Wednesday, September 22, 2010

US National Broadband Plan: E-Rate revisions so schools can use dark fibre

Revisions to the US E-Rate funding mechanism are likely to result in schools being able to access dark fibre, saving money and delivering better broadband services. From the FCC's statement by Chairman Julius Genachowski:
"This Thursday, the Commission will vote on, and I believe adopt, a major modernization of the successful E-Rate program. These changes will help bring fast, affordable Internet access to schools and libraries across the country, and help ensure that America’s students have the high-tech skills they need to compete and succeed in the 21st Century...The program has met its original goals set in a dial-up world, but needs to be taken to the next level. It needs to be updated for a broadband world...The FCC E-Rate Order will also help deliver on the Broadband Plan’s goal of super high speed anchor institutions in every community. We will give libraries as well as schools the ability to use E-Rate funds to connect to broadband in the most cost-effective way possible, giving schools and libraries the choice of contracting to light dark fiber already in the ground, or with existing state, regional, and local networks. With these fiber networks, schools and libraries can provide students and communities with cutting-edge connectivity - and save millions of dollars...the Tri-County Educational Service Center in Wooster, Ohio, which serves more than 30,000 students in 19 school districts, was able to save 50 percent through the use of dark fiber, while increasing network performance by 750 percent...E-rate has been a success, but it’s time to reboot it for the 21st century."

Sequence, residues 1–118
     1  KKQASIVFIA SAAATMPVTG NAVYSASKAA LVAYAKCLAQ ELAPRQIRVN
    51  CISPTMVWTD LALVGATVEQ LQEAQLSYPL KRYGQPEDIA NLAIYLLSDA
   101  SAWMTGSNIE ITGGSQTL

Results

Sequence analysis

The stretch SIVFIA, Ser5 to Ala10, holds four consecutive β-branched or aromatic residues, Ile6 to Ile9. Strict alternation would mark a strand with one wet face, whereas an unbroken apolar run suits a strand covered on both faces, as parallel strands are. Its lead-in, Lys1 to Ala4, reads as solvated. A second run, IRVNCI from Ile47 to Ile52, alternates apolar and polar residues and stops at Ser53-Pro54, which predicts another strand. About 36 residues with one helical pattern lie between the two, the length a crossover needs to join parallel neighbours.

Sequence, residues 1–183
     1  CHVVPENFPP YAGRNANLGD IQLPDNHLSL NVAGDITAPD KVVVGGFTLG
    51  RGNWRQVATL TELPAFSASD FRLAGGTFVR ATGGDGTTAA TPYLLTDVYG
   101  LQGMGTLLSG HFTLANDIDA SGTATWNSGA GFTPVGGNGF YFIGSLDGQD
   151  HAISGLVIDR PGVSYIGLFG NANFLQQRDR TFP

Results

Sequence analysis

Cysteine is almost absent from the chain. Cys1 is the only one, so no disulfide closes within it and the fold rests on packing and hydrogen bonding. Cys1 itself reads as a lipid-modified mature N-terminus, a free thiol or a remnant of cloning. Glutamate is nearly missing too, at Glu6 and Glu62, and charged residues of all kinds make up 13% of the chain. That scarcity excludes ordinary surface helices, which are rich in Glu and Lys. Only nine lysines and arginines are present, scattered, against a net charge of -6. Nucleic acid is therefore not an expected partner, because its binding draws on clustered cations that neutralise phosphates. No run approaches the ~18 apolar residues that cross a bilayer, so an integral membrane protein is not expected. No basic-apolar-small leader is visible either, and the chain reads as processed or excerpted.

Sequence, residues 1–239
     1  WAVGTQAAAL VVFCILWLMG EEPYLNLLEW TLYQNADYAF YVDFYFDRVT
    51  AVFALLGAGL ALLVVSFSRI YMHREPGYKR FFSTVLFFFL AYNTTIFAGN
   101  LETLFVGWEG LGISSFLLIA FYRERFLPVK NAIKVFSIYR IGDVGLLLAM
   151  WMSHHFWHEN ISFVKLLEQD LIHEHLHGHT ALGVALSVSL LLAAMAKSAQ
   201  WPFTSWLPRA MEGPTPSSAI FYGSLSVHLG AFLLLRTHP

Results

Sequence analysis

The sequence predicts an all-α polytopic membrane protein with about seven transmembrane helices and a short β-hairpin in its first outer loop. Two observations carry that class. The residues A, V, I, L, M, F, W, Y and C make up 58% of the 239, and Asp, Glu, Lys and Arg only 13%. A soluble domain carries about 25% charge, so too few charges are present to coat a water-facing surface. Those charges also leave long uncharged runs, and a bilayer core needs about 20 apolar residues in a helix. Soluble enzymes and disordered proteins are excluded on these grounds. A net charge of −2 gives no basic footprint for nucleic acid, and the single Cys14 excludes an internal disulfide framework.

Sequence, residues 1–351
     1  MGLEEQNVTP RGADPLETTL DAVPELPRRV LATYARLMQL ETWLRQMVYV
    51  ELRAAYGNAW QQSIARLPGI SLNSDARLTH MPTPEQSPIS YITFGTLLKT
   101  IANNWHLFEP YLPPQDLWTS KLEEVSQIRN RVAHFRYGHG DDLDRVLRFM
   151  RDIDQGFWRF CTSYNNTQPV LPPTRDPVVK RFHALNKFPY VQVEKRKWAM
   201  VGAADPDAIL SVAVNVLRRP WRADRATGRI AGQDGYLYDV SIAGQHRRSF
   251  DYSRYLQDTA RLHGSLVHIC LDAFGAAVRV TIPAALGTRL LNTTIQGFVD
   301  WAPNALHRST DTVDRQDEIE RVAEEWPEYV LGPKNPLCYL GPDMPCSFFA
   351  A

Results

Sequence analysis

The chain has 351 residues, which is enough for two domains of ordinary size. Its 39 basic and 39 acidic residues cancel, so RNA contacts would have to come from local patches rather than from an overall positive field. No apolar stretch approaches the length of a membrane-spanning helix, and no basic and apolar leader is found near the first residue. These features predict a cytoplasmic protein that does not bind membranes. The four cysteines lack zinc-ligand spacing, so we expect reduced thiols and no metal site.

This opportunity was flagged at Rory Stewart's rural broadband conference on 18th September, with further coverage from the BBC here. The proposal underlines the benefits that ensue from grasping the nettle of local connectivity, as I've said before in a previous post:
"...the more you can get your hands dirty in planning and implementing your WAN, the greater the cost savings you can achieve by negating the need for more expensive managed services (which are themselves based on the same underlying products anyway). Folks "on the ground" have a detailed appreciation of local circumstances and opportunities, which can result in innovative bespoke solutions which wouldn't necessarily even have been considered by a telco."
Let's hope the FCC votes in would seem unlikely that it won't in the face of such evidence?

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